Bad Boys for Life is the third installment to the Bad Boys franchise with Miami’s buddy-cop duo Detective Mike Lowry (Will Smith) and Detective Marcus Burnett (Martin Lawrence) facing a new enemy: old age. Oh, and a new leader of a Miami drug cartel hellbent on making Mike suffer as well. While the two detectives may be getting on in years and having to rely on a younger, newer generation of police backup to assist them in getting the job done, they show these cocky upstarts they still have the magic, the humor and the asskicking abilities to make another worthwhile action movie to push the franchise forward one more time (though a 4th movie will be made at this time of writing so it’s not going to be their last ride into the sunset).
It’s 2020, and Detective Marcus Burnett has just become a grandfather. This changes his life purpose and he decides retirement is the only way he can survive to watch his grandchild grow up. His partner of 25 years, Detective Mike Lowrey, isn’t too pleased with his friend’s life changing decision and challenges him to a running race. If Marcus wins, they both retire. If Mike wins, they continue to stop the bad guys until they grow really old. The only problem is, Mike is gunned down before they can finish the race by a new adversary with a special link to Mike’s past. After nearly dying in hospital, Mike is determined on seeking revenge on those who tried to kill him. But Mike’s brush with death reinforces Marcus’s decision to retire.
Teaming up with AMMO (Advanced Miami Metro Operations), a new special task force made up of a younger generation of technologically savvy police officers, Mike goes on the hunt for those who tried to kill him – without Marcus. But as the stakes get higher and the plot thickens, the body count and carnage piles up. Despite Marcus’s decision to stay clear from the violence, a traumatic event brings him back for one more ride with his well dressed, Porsche-driving friend. But it’s not going to be as simple as just going in and killing the bad guys.
This new villain, Armando Armas (Jacob Scipio), is more dangerous than any adversary these two Detectives have faced before, and has a special history with Mike that complicates the mission to stop him. Only working as a team – the old and the new – can these Miami police officers stop this new menace from across the border.
Will Smith and Martin Lawrence show that even after 25 years, they still have the chemistry that made the first two Bad Boys movies blockbusters. Much like the story and comedy in Lethal Weapon 4 (“We’re not too old for this shit”), Bad Boys for Life takes into account our actors’ unmistakable ages, creating many funny moments and great plot points built around the fact they’ve slowed down and no longer in their prime. Even when some of the humor feels overly forced, Smith and Lawrence are still a funny pair able to feed off each other’s energy and natural charisma.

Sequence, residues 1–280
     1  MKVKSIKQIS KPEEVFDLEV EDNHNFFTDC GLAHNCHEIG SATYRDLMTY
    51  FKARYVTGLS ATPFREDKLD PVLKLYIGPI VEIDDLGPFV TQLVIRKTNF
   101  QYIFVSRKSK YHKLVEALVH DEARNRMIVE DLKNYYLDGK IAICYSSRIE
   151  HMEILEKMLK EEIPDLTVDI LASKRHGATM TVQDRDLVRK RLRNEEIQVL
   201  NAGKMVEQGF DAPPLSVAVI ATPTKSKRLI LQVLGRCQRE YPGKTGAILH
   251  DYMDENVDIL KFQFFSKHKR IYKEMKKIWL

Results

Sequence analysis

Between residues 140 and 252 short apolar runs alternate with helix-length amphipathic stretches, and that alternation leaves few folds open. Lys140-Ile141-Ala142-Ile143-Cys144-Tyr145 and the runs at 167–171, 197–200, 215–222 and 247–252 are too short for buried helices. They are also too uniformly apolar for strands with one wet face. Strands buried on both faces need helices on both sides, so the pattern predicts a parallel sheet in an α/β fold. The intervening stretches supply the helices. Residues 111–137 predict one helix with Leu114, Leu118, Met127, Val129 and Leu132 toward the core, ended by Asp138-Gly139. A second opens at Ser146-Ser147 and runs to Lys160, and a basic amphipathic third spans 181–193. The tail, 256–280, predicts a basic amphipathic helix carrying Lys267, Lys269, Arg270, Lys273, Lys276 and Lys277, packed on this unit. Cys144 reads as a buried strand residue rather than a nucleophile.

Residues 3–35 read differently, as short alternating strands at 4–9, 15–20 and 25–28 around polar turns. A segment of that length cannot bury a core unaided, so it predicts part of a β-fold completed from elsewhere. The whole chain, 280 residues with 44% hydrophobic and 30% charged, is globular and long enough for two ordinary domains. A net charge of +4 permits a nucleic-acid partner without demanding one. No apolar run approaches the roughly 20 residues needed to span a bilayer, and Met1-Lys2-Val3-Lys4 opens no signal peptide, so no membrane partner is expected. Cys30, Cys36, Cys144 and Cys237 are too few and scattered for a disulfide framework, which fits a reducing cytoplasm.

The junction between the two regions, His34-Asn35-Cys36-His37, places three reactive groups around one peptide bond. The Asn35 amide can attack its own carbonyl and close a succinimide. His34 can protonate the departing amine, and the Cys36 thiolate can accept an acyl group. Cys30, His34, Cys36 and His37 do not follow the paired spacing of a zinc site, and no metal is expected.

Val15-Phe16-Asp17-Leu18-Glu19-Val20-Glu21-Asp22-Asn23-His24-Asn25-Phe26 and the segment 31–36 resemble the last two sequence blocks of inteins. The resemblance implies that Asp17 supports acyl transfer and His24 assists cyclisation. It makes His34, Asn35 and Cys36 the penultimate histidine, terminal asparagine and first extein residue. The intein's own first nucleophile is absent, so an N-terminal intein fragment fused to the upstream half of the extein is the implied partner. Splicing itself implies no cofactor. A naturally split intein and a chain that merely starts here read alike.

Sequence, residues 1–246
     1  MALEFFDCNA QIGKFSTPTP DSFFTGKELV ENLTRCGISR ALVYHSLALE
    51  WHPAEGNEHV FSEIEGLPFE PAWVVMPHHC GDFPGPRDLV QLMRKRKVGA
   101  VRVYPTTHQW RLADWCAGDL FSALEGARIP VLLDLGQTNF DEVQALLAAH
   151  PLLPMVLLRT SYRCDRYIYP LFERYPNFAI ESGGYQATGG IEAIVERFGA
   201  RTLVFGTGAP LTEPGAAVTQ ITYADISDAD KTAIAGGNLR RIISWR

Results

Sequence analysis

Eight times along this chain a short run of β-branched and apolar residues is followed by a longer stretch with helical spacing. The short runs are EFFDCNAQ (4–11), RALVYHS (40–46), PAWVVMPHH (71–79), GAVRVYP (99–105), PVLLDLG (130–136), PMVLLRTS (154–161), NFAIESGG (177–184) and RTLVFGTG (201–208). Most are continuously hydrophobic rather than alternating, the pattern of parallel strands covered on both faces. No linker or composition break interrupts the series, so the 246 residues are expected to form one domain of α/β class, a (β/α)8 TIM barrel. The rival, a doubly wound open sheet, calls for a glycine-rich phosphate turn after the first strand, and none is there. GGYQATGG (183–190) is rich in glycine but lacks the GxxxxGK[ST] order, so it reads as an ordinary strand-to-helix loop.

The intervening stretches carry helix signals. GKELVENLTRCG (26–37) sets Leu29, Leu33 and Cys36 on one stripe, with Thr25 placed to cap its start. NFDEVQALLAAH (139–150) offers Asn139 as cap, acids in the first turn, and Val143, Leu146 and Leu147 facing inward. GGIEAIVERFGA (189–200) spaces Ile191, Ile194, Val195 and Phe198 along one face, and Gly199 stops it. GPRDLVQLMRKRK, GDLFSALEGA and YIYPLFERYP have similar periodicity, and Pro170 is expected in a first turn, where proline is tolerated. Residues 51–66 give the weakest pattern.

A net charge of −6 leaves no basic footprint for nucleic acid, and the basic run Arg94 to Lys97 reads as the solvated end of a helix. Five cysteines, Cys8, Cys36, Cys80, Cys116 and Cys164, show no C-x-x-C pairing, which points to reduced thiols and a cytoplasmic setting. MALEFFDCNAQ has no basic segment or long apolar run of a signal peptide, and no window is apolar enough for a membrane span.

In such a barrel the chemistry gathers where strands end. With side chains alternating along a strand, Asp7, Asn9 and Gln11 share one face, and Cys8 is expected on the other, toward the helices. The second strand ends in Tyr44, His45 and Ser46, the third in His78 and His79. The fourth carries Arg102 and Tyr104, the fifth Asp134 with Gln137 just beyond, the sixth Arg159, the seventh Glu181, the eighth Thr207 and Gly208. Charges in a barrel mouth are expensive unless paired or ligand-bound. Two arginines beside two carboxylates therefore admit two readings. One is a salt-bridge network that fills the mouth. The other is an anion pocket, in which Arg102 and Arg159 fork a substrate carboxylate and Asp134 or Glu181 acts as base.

No surprise, Smith still does an admirable job of being the ladies man bachelor. He’s rich, handsome, charismatic and knows how to kick some serious butt. Smith is still in great shape and doesn’t look out of place running around and beating up bad guys. Lawrence, on the other hand, is starting to look a little silly. It’s great that a lot of the plot takes the action spotlight off him as his character is trying to retire. However, when he gets back into the thick of it with Smith, his jokes aren’t enough to make up for the fact that his ass would be grass because there is no way he would survive any of the encounters his character finds himself in.
Buddy directors Adil El Arbi (Gangsta, Black) and Bilall Fallah (Gangsta, Black) had big shoes to fill considering Michael Bay (watch for his cameo) directed the first two Bad Boys movies. While their movie is a little too long and the story a little bit silly, they’ve done a great job of making a solid action-comedy that does the franchise proud. The action is a great mix of vehicle stunts, shooting, hand-to-hand fighting and the general blowing up of any and everything that fans have come to expect.
Bad Boys for Life is an entertaining addition to a franchise starting to show signs that maybe they should stop now while it’s still strong. It ticks all the boxes for action and comedy, though some of the jokes feel forced and the silliness of putting these middle-aged detectives through these stunts defies belief. Introducing a younger team of police officers to assist the original cast is generally a sign there’s not much left in the tank, and it may be wise to retire them with some dignity left. I don’t have a problem with getting a little ridiculous, and it’s still a funny film built around the tried and true themes of loyalty, friendship and family, there comes a time when trying to outdo previous films with an older action character becomes too much (I’m looking at you, Die Hard franchise).